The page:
The Colorado State bill for the certification of Hemodialysis Technicians - that so many of us fought so hard for back in 2007 - is in danger of being wiped out. The Sunset Review of the bill which reviews bills years after they have been passed occurred this last January 24th. We were very surprised when some committee members of the house Health and Environment committee objected to the bill. We strongly feel their objections didn’t have enough merit to kill the bill. We are happy to report the bill passed review by a 6-5 vote. However this bill that has worked so well, is now going to have to be voted on again by the legislature - we are very worried it could be a tough fight. Right now we are in the process of finding backers of the bill at the dialysis companies, Colorado Hospital Association, etc… We don’t even have a number for the bill yet. But we are encouraging you to write or call the Reps who are sponsoring and co-sponsoring this bill and express your support! It is hard to fight for something when you feel alone.
Sponsor: Representative Beth McCann, email: beth.mccann.houseatstate.co.us, ph. 303-866-2959
Co-sponsor: Representative John Kefalas, email: john.kefalas.houseatstate.co.us, ph. 303-866-4569
(Rep. Kefalas was also a sponsor of the 2007 bill)
Co-sponsor: Representative Dave Young, email dave.young.houseatstate.co.us, ph. 303-866-2929
- This state bill ties in tech certification with a dialysis clinic’s license. Tech certification is checked at the start of a clinic, during the annual license renewal, and during state inspections - other states don’t do this! California for example only checks every 3 years! We believe this may allow clinics to be less tempted to hire less qualified individuals.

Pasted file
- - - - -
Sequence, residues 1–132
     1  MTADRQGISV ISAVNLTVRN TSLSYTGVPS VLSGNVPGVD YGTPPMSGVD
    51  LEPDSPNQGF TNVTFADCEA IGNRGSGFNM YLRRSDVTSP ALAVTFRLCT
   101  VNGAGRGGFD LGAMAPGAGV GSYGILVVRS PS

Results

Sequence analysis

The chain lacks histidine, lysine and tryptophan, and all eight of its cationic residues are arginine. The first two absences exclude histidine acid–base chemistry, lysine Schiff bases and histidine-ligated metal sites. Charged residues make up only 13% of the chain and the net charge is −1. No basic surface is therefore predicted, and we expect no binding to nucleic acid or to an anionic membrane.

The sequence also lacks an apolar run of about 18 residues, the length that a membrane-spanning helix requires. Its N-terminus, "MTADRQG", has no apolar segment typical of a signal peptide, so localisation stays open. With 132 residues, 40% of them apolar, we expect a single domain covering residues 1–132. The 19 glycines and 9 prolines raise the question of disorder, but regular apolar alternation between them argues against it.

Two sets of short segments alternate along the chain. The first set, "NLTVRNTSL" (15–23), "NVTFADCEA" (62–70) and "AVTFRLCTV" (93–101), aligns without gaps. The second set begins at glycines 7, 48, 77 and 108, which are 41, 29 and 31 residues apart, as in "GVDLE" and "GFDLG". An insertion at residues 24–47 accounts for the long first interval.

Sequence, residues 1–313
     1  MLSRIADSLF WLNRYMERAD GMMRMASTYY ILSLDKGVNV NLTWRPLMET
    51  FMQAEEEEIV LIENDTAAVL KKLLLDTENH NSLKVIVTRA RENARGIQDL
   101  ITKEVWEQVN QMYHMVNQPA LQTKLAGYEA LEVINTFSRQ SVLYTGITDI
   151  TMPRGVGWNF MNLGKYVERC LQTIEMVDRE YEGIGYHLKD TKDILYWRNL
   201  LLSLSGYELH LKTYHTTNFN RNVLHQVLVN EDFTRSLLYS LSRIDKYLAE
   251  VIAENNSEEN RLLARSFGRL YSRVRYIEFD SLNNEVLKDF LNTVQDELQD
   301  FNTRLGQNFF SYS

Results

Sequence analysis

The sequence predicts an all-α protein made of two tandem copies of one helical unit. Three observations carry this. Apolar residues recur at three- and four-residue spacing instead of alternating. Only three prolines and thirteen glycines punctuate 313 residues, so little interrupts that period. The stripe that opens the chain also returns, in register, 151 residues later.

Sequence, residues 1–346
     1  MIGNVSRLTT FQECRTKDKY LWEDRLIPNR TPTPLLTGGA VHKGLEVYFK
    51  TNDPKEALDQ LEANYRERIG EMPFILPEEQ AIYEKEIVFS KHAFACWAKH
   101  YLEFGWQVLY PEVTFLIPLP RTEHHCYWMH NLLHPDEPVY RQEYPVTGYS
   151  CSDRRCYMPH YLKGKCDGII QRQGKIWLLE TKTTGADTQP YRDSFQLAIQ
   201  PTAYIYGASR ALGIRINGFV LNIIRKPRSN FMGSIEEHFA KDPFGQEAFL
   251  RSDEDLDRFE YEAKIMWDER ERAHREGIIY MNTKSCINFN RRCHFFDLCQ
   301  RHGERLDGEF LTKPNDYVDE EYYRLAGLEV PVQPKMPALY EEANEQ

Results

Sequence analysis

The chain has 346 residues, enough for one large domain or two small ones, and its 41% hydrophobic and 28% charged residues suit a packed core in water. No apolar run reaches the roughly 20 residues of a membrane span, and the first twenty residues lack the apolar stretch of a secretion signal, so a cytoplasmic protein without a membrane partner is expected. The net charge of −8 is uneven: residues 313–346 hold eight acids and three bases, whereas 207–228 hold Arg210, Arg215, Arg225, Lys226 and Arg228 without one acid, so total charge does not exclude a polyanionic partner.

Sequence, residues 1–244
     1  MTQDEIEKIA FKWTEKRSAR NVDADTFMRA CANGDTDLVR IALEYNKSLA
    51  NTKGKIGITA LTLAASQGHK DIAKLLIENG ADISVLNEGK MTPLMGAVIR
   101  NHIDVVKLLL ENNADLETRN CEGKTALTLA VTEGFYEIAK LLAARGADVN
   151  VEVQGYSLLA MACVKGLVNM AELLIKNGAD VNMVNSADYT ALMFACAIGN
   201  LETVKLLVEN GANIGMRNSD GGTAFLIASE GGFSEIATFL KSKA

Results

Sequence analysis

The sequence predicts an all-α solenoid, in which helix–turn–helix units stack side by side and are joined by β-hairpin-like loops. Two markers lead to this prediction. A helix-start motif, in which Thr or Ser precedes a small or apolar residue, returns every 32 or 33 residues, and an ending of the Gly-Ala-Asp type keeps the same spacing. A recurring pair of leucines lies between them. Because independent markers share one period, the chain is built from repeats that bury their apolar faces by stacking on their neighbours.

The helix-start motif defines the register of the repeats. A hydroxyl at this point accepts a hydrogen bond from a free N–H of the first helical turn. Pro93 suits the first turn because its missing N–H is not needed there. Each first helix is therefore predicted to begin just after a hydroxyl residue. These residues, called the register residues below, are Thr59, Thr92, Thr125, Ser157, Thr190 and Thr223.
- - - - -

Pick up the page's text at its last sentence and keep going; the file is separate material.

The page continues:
- This bill is a backup – think of it as insurance – if the feds weaken or abolish current regulations.
- Abolishing this bill might encourage those who favor a less-qualified labor force to bring in a watered-down tech certification such as California’s CDC program
- Little fiscal impact: ($1,818 in 2010)
- DORA now recommends it (change from 2007): http://www.dora.state.co.us/opr/archive/2011HemodialysisTechnicians.pdf
- Duplicates the federal regulations. Answer: see above
- If home dialysis caregivers don’t require certification, why do techs? Answer: A caregiver specializes in one patient, a tech is required to help a group of people with different reasons for kidney disease - who have other illnesses many times. Also home dialysis patients are usually healthier than the general dialysis population.
And give a special thanks to the Chair of the Health and Environment committee, Representative Ken Summers, for going against the grain and siding with us! Representative Ken Summers, ken.summers.houseatstate.co.us, ph. 303-866-2927
From Rep. McCann: “The bill has now been officially set for Feb. 21st at 1:30 in the Health committee which meets in the Legal Services Building on 14th between Sherman and Grant - south side of the Capitol.”
And another item, the number of the bill is HB1204